- Prime Minister announces new phase of UK-Georgia cyber programme at NATO Summit
- UK support will bolster the country’s resistance to attacks from Russia and elsewhere
- Georgian Prime Minister Garibashvili to attend Summit of NATO leaders today
Russia has long used Georgia as a testing ground for its cyber capability. This began in 2008 when some of the world’s first coordinated cyber attacks were used to cripple the country’s security architecture while Russia carried out its illegal annexation of South Ossetia and Abkhazia.
More than £5 million of additional funding announced today marks the next phase of UK cyber support for Georgia. It will allow the Georgian National Security council to deliver their new cyber security strategy – identifying and repelling attacks from those seeking to undermine both Georgian and European security. The UK will also work directly with the Georgian Ministry of Defence to bolster their cyber defences and capability.
The announcement comes as Georgia’s Prime Minister Irakli Garibashvili addresses the NATO Leaders’ Summit. Prime Minister Garibashvili and Ukrainian President Zelenskyy are both addressing the meeting of allies in Madrid. As NATO Enhanced Opportunities Partners the security of both countries is integral to the security of NATO and the Euro-Atlantic as a whole.
Both Ukraine and Georgia have experienced the terrible consequences of Russian military aggression – both directly in their territories and indirectly through cyber and other attacks – in the last fifteen years.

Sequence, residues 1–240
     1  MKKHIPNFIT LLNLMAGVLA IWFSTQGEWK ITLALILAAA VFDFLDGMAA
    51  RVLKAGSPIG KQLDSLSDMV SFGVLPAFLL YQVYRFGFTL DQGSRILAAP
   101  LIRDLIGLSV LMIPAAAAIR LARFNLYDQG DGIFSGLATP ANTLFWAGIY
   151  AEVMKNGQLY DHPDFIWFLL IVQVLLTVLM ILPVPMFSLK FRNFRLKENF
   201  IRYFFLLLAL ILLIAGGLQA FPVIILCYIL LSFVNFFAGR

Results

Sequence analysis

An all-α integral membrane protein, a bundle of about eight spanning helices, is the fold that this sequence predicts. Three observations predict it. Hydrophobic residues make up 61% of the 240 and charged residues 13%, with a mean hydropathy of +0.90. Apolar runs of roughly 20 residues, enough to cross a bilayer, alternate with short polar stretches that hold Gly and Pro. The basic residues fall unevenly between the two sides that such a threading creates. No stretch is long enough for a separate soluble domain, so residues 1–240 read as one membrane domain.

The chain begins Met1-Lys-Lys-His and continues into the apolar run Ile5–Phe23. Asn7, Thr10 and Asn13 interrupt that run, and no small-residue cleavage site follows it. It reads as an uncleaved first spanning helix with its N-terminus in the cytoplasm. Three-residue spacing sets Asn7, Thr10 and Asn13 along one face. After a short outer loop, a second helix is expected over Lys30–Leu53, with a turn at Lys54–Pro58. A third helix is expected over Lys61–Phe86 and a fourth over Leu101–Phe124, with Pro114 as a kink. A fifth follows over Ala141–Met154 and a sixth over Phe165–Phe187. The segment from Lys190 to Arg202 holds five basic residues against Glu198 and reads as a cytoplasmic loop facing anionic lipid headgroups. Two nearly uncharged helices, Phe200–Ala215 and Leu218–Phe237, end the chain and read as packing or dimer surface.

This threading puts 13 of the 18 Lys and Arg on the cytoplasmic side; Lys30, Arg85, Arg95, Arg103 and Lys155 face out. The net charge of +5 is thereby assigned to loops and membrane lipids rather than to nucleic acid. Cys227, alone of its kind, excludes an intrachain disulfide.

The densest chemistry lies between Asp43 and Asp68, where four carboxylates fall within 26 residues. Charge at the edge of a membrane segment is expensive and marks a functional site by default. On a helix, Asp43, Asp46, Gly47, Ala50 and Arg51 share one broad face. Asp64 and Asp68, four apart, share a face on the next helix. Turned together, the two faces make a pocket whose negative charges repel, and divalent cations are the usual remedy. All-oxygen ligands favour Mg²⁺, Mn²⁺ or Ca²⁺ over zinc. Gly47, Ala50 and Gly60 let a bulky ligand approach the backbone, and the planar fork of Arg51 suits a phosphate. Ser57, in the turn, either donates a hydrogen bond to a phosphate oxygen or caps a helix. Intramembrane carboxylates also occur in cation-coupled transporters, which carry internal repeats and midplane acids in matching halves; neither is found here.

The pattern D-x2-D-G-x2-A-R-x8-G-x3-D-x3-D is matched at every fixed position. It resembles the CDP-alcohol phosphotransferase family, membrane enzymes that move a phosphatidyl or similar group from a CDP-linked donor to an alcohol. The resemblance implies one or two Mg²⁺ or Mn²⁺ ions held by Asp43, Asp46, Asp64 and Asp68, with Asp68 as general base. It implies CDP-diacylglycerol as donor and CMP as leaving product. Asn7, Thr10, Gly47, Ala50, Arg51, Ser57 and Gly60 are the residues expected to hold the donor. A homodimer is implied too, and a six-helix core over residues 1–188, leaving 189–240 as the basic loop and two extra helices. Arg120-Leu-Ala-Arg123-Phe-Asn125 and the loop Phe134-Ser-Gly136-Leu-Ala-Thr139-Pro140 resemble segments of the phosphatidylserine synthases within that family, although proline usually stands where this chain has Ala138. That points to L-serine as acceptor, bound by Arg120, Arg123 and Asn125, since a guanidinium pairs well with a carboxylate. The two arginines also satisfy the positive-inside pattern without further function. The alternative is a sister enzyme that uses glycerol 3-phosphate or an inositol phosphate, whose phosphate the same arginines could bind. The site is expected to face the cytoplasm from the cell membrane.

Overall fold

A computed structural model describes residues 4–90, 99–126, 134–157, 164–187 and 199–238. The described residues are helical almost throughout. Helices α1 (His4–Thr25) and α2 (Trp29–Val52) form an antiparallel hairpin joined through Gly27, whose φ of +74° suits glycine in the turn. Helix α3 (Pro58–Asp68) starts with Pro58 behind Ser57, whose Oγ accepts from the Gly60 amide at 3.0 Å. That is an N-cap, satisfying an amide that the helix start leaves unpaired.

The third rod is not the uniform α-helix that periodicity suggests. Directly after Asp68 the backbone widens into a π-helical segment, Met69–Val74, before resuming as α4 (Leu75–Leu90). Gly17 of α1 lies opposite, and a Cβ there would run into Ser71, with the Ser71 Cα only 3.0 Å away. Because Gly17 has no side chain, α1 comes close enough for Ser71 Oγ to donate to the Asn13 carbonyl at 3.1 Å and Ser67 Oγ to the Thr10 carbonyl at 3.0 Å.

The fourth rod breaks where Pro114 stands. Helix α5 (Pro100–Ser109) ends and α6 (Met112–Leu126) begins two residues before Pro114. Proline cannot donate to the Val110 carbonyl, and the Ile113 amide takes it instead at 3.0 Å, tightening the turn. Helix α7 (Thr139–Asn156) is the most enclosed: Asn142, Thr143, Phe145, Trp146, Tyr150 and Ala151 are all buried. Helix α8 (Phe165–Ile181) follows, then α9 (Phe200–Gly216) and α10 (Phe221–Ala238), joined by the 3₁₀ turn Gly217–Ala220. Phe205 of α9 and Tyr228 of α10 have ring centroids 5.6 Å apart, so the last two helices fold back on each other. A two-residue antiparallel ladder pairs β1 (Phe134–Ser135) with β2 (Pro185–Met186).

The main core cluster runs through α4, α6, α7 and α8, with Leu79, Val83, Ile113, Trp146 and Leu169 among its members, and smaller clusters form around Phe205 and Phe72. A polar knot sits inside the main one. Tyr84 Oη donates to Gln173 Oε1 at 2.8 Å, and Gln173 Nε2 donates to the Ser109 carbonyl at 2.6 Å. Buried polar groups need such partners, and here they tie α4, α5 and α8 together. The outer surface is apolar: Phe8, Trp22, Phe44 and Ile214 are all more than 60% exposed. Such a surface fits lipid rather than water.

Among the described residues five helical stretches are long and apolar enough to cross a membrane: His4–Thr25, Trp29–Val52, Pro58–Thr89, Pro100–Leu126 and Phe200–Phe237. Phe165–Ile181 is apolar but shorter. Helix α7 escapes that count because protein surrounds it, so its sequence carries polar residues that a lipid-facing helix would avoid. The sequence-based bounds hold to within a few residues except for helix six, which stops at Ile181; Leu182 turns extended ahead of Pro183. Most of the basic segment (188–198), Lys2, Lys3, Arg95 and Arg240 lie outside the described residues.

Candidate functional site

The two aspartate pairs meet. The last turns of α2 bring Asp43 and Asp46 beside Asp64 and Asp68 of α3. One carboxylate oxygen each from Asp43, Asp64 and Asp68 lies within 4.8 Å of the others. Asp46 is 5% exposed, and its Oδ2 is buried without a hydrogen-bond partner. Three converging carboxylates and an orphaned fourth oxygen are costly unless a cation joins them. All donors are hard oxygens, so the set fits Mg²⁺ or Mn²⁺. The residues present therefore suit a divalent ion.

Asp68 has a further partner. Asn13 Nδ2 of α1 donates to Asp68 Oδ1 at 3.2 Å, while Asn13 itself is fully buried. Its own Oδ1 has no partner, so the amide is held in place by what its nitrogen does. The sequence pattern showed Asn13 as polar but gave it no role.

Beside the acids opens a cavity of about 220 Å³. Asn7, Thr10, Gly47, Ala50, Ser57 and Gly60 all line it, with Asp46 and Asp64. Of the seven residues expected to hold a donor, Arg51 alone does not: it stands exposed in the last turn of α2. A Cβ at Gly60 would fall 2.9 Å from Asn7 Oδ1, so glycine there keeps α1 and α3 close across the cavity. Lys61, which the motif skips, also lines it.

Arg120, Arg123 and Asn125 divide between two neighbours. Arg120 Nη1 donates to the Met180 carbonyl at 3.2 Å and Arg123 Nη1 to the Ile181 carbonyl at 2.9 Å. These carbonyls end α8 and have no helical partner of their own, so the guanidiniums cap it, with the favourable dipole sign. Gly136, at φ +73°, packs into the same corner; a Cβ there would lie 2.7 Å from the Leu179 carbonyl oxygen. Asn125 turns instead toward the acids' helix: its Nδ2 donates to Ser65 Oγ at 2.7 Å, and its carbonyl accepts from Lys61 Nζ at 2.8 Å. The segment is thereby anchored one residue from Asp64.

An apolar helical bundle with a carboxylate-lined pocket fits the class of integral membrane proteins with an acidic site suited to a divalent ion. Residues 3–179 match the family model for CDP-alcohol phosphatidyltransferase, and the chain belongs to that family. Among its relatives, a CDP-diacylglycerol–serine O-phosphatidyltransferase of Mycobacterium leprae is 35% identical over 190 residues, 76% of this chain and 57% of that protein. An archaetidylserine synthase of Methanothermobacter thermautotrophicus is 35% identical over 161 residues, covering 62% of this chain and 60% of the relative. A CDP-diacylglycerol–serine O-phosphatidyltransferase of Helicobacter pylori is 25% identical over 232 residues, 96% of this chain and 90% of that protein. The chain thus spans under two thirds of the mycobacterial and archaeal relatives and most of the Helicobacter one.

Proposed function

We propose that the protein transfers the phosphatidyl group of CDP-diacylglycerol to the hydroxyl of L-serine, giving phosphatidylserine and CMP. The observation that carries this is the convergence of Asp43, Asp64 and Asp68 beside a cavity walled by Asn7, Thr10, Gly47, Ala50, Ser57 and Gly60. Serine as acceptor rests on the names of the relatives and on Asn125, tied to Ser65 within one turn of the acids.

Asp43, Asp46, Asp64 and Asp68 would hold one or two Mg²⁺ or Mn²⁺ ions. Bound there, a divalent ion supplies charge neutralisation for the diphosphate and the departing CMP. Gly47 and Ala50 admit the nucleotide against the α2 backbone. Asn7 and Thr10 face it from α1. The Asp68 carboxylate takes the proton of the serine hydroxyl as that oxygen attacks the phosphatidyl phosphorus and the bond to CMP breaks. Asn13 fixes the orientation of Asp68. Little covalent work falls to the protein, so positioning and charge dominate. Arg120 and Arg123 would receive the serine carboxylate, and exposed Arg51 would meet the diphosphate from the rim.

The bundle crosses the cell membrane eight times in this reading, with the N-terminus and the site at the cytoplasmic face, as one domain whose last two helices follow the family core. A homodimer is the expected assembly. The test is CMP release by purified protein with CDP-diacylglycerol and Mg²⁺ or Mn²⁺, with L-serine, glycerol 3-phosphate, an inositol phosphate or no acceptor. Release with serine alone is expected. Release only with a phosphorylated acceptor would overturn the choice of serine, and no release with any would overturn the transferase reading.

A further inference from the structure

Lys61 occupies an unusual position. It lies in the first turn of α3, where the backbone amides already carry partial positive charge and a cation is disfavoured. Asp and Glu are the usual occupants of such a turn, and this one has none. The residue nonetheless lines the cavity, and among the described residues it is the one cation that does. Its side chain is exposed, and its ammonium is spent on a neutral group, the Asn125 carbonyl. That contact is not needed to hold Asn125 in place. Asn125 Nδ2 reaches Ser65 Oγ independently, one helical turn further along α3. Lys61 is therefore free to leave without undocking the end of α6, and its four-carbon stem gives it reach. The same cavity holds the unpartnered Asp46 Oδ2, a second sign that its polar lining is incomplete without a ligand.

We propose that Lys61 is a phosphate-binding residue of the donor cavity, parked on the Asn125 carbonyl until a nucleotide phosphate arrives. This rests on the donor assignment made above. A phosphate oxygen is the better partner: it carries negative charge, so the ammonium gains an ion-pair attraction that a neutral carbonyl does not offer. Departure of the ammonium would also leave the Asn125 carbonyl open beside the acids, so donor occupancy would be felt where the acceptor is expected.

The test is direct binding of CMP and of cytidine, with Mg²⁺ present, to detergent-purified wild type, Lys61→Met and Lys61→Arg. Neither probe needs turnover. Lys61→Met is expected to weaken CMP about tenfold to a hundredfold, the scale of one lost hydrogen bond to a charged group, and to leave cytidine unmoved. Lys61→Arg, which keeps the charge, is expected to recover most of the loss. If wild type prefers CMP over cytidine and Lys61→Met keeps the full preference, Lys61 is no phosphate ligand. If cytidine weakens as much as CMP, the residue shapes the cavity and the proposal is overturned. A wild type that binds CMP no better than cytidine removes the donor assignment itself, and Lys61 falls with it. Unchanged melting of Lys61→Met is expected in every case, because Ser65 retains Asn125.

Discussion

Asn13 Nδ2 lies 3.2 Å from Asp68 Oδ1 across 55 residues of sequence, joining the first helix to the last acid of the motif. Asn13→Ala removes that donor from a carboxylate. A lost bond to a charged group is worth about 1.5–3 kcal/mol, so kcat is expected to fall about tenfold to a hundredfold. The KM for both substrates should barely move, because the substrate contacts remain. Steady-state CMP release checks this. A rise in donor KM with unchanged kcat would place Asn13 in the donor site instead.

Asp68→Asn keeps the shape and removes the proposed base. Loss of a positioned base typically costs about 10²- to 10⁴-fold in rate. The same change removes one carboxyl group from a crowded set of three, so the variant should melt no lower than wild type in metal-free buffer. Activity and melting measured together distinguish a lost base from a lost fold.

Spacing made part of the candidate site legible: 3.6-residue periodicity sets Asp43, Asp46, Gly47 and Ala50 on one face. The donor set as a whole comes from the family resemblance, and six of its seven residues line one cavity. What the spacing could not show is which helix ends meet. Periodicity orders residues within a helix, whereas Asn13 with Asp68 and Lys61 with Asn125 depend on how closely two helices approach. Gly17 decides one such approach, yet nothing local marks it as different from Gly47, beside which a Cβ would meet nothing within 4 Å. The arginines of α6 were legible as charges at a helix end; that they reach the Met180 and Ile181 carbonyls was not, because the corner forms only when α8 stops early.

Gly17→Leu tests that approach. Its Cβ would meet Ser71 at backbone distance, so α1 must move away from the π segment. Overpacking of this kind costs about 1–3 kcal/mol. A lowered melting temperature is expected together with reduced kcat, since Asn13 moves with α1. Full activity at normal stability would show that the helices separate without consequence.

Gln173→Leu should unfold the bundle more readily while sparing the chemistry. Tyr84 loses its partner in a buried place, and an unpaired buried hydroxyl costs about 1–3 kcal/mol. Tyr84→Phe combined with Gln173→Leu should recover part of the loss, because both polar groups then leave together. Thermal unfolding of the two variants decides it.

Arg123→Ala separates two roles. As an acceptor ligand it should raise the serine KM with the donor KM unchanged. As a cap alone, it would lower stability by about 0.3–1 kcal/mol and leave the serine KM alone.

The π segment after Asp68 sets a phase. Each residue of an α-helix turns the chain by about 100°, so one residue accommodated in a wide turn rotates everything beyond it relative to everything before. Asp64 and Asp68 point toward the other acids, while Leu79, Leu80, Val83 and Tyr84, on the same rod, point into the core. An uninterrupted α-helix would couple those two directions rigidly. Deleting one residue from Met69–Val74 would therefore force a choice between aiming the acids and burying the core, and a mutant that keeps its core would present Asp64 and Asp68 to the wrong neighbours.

UK bilateral support for Georgia’s cyber security will be complemented by an additional package of tailored support from NATO which will be agreed by leaders in Madrid, focusing on increased defence training.
Prime Minister Boris Johnson said:
The people of Georgia live every day on the frontline of Russian aggression. Putin cannot be allowed to use Georgia’s sovereign institutions to sharpen the knife of his cyber capability.
The UK has world-leading cyber prowess and the support announced today will protect not just Georgia, but also the UK and all other free democracies threatened by Russian hostility.
The National Cyber Security Centre has worked closely with its Georgian counterpart since 2018, providing training and support to improve the country’s cyber capability.
In October 2019 the Government of Georgia, alongside international partners including the UK’s NCSC called out a large-scale, disruptive cyber attack carried out against Georgia by the GRU. The attack affected a range of Georgian web hosting providers and resulted in websites being defaced, including sites belonging to the Georgian Government, courts, non-government organisations (NGOs), media and businesses, and also interrupted the service of several national broadcasters.
The UK’s Integrated Review, published last year, set out plans to make the UK one of the world’s leading democratic cyber plans. In addition to the National Cyber Security Centre, the National Cyber Force was established by the Prime Minister to transform the UK’s cyber capabilities to disrupt adversaries and keep the UK safe.